1.1. Requirements Terminology

The key words “MUST”, “MUST NOT”, “REQUIRED”, “SHALL”, “SHALL NOT”, “SHOULD”, “SHOULD NOT”, “RECOMMENDED”, “NOT RECOMMENDED”, “MAY”, and “OPTIONAL” in this document are to be interpreted as described in [RFC2119].

When the words appear in lower case, their natural language meaning is used.

2. X.509 COSE Headers

The use of X.509 certificates allows for an existing trust infrastructure to be used with COSE. This includes the full suite of enrollment protocols, trust anchors, trust chaining and revocation checking that have been defined over time by the IETF and other organizations. The key structures that have been defined in COSE currently do not support all of these properties although some may be found in COSE Web Tokens (CWT) [I-D.ietf-ace-cbor-web-token].

It is not necessarily expected that constrainted devices will fully support the evalaluation and processing of X.509 certificates, it is perfectly reasonable for a certificate to be assigned to a device which it can then provide to a relying party along with a signature or encrypted message, the relying party not being a constrained device.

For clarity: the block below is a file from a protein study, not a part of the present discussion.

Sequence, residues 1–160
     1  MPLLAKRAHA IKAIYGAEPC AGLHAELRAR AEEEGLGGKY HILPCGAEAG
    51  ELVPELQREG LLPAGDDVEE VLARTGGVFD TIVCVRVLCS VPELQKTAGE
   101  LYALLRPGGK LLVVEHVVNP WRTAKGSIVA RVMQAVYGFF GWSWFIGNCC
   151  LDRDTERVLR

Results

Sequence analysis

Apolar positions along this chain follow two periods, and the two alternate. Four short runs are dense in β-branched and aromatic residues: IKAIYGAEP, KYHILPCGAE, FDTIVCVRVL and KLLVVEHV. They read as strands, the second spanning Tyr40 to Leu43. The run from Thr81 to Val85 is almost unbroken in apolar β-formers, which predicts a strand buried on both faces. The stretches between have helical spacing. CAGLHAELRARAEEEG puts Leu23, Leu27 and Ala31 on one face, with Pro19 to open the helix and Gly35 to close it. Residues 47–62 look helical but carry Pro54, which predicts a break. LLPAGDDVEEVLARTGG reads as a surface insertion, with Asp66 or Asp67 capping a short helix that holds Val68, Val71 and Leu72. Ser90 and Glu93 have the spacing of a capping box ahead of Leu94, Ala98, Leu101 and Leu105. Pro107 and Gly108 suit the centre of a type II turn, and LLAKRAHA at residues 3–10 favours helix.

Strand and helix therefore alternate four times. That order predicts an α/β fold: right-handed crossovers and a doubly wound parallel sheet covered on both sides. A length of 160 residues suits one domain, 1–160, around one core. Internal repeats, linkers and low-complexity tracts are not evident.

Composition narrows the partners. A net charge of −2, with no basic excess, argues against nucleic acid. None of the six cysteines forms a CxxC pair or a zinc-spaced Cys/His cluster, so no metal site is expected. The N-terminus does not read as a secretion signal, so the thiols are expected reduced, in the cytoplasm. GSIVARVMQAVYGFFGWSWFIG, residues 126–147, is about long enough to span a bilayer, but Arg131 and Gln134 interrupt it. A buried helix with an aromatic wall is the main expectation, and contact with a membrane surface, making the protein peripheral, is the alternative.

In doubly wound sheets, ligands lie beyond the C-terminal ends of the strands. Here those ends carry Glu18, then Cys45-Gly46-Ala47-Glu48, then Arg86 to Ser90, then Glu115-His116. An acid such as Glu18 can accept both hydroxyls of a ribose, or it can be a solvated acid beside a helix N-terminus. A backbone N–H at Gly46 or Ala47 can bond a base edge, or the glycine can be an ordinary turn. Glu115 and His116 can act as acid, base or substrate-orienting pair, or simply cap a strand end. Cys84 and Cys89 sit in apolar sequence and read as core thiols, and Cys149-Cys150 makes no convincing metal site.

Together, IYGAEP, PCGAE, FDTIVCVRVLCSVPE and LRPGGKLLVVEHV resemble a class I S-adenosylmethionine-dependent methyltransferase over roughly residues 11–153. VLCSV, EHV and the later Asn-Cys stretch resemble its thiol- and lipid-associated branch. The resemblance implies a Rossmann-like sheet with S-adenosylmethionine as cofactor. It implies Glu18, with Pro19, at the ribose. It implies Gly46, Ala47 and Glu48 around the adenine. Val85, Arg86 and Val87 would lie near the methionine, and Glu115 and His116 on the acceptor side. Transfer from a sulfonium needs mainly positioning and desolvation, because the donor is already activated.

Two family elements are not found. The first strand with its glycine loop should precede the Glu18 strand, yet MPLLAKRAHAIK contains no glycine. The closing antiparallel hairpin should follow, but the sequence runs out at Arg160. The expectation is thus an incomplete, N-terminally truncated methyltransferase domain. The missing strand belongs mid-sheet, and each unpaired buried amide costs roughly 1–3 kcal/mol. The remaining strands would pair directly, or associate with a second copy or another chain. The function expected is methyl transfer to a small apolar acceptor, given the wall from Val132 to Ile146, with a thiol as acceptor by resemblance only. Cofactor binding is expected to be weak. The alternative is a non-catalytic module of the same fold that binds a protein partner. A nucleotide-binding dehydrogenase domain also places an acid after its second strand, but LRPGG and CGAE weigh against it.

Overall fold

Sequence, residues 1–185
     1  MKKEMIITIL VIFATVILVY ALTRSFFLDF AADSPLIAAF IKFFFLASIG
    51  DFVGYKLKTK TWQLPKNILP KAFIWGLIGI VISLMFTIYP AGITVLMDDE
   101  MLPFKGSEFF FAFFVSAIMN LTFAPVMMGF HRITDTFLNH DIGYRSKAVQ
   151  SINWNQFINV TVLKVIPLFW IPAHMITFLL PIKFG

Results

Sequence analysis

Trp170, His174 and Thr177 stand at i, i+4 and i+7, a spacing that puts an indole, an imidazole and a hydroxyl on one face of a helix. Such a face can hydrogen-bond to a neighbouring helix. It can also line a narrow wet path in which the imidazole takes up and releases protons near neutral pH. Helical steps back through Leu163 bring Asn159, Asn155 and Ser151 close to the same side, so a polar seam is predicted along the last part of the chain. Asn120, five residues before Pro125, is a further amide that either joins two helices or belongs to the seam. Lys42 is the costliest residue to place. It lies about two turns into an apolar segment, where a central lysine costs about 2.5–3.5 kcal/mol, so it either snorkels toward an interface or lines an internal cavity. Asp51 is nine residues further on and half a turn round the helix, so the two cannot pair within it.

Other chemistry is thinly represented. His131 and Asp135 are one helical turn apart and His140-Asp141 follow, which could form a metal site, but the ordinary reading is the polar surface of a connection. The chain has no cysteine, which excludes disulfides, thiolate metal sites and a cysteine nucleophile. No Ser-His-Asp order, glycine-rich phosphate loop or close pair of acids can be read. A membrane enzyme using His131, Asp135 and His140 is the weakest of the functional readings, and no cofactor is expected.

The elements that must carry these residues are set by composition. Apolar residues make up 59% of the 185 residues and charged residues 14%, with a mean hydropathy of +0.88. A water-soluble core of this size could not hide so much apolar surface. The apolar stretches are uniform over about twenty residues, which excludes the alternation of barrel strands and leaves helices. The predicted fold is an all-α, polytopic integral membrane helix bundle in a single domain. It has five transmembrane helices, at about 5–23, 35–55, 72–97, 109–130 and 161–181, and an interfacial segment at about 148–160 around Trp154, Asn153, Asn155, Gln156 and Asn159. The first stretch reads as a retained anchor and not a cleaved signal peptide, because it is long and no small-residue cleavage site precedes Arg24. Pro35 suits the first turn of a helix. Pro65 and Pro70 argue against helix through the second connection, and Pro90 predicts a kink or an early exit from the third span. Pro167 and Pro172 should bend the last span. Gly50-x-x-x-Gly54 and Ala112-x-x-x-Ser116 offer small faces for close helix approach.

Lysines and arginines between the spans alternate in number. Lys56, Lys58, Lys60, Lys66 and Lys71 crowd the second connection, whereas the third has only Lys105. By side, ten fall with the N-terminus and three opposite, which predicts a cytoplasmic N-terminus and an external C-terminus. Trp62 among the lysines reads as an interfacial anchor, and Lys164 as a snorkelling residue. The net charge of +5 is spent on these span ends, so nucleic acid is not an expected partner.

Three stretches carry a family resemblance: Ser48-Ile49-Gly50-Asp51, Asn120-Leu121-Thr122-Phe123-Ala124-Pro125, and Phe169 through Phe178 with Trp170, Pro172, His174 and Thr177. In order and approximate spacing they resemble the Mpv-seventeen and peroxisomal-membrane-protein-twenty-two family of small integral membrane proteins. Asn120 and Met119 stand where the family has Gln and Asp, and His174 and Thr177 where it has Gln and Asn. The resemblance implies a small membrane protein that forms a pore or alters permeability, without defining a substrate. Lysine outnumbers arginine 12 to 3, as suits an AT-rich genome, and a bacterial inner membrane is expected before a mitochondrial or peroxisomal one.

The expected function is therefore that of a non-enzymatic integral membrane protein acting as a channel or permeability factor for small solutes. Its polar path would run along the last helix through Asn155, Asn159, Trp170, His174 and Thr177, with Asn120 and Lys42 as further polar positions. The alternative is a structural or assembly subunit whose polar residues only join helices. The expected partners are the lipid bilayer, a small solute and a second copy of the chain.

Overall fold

Certificates obtained from any of these methods MUST still be validated. This validation can be done via the PKIX rules in [RFC5280] or by using a different trust structure, such as a trusted certificate distributer for self-signed certificates. The PKIX validation includes matching against the trust anchors configured for the application. These rules apply to certificates of a chain length of one as well as longer chains. If the application cannot establish a trust in the certificate, then it cannot be used.

The header parameters defined in this document are: